REMEDIES FOR BREACH
Damages are an attempt to quantify the harm suffered by one party due to the act or omission of the other party. For construction disputes, the harm suffered may result in additional costs incurred on the project or on the contractor, due to acts or omission of either parties. Damages are a means to restore the affected party to the position it would have been, had the breach of contract not taken place.
Section 73 of the Indian Contract Act, 1872 (the Contract Act) stipulates that upon breach of contract, the party who is liable for the breach of the contract shall compensate the other party for any loss or damage. Herein it should be noted that such damage has occurred naturally during the usual course of things and should not be remote or indirect loss or damage sustained as a result of the breach.
In such cases, the Court decides upon the quantum of damages and awards to the suffering party depending upon the actual loss or damage suffered. Therefore, it provides for unliquidated damages, wherein the terms of the contract do not stipulate the compensation to be paid in the event of breach of contract.
Construction contracts generally contain terms for payment of liquidated damages or penalty in case of delay. Such contracts provide for recovery of liquidated damages in the event contractor is unable to perform the contract and that results in delay.
A usual method for calculating the damages is at the rate of affixed percent of the total contract price per day or week of delay, with a maximum limit. However, a Limitation of Liability clause is included in the contract to limit the substantial damages incurred.
Section 74 of the Contract Act deals with liquidated damages or damages which are predetermined within the terms of the contract. The said section states that in case of a breach of contract, wherein the damages are predetermined in the contract itself, the party suffering from the breach is entitled to receive such compensation or penalty, irrespective of actual damage or loss suffered by the claiming party. Such compensation or penalty is awarded to the party suffering the breach on showing proof that the party has suffered loss.
However, it is pertinent to note that such compensation or penalty shall be reasonable and not exceed the amount specified in the terms of contract. The rationale behind the said provision is that the award of any compensation cannot exceed the actual loss suffered by the party due to breach of contract which arose in the usual course or that was so contemplated by the parties at the time of making the contract.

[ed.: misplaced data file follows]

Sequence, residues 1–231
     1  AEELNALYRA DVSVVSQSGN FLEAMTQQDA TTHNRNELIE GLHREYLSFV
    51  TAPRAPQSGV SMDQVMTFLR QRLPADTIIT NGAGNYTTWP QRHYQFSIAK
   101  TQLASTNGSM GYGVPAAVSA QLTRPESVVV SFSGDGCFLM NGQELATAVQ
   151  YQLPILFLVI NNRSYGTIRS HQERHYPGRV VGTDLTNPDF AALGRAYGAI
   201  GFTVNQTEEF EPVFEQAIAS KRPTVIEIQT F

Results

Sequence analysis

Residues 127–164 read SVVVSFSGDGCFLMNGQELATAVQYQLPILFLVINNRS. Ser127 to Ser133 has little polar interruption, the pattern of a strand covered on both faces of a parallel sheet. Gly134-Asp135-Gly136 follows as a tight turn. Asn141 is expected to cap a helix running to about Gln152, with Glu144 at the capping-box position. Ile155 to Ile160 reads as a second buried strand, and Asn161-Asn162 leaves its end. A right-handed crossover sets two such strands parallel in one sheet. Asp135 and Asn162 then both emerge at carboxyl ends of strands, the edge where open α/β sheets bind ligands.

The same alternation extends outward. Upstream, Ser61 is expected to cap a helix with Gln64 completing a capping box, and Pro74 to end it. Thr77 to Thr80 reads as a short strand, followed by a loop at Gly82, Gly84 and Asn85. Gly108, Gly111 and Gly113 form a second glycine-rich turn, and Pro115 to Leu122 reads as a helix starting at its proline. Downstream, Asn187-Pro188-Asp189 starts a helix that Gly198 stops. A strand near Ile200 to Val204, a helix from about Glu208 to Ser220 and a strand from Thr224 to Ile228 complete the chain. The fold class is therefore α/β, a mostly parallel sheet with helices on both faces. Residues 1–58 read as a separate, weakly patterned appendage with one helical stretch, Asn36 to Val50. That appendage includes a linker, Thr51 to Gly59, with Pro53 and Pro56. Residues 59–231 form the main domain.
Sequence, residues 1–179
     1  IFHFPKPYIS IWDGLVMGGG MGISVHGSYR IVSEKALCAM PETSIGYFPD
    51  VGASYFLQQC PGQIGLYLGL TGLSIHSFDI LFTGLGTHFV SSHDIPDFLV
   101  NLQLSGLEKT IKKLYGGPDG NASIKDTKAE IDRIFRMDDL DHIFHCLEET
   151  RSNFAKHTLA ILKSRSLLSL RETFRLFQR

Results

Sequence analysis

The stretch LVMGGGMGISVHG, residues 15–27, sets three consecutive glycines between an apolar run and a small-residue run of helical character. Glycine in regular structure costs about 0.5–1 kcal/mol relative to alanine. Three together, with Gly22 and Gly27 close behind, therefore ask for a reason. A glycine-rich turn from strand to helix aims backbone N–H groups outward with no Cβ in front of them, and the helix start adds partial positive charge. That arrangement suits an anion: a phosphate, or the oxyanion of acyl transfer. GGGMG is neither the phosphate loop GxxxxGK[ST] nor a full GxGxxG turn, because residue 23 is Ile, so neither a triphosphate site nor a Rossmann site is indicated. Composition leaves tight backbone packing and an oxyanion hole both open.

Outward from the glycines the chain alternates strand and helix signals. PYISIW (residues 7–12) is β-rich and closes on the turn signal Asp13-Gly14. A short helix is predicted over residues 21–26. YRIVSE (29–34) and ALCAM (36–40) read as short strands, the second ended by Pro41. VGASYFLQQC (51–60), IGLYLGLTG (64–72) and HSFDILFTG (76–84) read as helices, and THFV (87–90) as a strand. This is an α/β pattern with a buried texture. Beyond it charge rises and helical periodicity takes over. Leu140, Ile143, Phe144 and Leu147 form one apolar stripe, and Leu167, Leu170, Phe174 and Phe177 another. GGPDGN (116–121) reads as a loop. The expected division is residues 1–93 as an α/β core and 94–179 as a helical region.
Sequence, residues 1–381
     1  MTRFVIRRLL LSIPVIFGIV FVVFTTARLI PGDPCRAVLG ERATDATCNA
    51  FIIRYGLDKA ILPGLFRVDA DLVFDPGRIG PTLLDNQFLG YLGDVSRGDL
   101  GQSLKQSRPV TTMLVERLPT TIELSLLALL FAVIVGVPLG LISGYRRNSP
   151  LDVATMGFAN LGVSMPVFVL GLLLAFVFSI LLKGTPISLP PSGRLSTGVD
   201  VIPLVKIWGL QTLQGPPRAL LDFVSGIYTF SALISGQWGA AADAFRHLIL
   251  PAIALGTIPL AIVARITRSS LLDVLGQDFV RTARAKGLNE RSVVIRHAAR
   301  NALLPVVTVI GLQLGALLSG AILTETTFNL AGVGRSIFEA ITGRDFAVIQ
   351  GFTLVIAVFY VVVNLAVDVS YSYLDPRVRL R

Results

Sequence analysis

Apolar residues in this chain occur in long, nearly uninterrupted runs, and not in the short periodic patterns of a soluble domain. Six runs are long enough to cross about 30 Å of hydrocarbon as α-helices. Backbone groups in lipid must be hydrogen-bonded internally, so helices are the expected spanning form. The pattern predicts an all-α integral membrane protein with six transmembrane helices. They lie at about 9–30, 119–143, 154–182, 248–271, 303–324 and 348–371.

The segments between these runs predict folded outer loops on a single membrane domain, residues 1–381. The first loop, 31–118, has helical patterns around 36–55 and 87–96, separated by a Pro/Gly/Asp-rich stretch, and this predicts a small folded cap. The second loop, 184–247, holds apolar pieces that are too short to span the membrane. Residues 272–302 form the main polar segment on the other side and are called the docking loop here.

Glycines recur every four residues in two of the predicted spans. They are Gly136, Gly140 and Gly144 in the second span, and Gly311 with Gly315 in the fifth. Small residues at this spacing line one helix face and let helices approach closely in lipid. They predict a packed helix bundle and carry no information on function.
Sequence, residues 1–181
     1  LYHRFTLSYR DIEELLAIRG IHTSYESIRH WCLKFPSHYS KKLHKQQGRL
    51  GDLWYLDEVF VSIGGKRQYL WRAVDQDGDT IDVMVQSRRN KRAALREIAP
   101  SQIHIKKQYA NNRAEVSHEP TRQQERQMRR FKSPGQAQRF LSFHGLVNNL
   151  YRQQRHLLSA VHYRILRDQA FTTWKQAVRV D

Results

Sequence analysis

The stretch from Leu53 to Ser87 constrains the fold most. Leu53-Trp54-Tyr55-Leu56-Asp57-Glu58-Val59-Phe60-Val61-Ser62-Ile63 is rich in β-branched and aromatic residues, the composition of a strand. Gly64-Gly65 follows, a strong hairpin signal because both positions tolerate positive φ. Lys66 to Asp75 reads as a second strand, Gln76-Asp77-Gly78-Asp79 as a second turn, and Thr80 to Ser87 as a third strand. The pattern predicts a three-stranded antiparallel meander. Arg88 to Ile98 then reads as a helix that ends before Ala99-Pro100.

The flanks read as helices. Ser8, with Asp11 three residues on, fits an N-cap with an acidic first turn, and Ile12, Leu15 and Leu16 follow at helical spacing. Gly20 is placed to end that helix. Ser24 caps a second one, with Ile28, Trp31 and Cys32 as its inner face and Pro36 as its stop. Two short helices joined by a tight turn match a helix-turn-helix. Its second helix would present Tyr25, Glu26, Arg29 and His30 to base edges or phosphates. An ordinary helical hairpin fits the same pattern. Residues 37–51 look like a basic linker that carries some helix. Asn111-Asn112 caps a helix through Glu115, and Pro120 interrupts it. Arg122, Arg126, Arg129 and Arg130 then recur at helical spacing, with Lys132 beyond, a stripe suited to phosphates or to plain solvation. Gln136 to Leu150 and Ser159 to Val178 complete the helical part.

In Haryana Telecom Ltd. v. Union of India, 2006 SCC Online Del 575, the Arbitral award that awarded damages incurred by Government for loss suffered due to the delay on behalf of the contractor in supplying cables, was set aside by the Delhi High Court. The Government was required to purchase the same from other seller, which was obtained at cheaper rates and hence no loss was suffered by the Government. Therefore, the Arbitral award for damages to the Government was set aside.
Section 74 of the Contract Act, provides that liquidated damages may be awarded to the suffering party even when actual damage or loss caused is not proved by the party. However, this does not dispense of the requirement of proof of damage, but merely applies to cases where the actual loss or damage suffered is impossible to be proved.
Hence, the aforementioned provides for an exception to the requirement of proof of damage to indicate the existence of some loss or damage, but not the actual quantum of the same. Therefore, a claim for liquidated damages can arise only when a relevant loss or injury is suffered by the party.
In the case of Raheja Universal Pvt. Ltd. v. B.E. Bilimoria & Co. Ltd., 2016 (5) Mah L.J. 229, the Bombay High Court set aside the Arbitral award for grant of liquidated damages, on the ground that the party had failed to prove actual loss or damage suffered and had no evidence to indicate the same.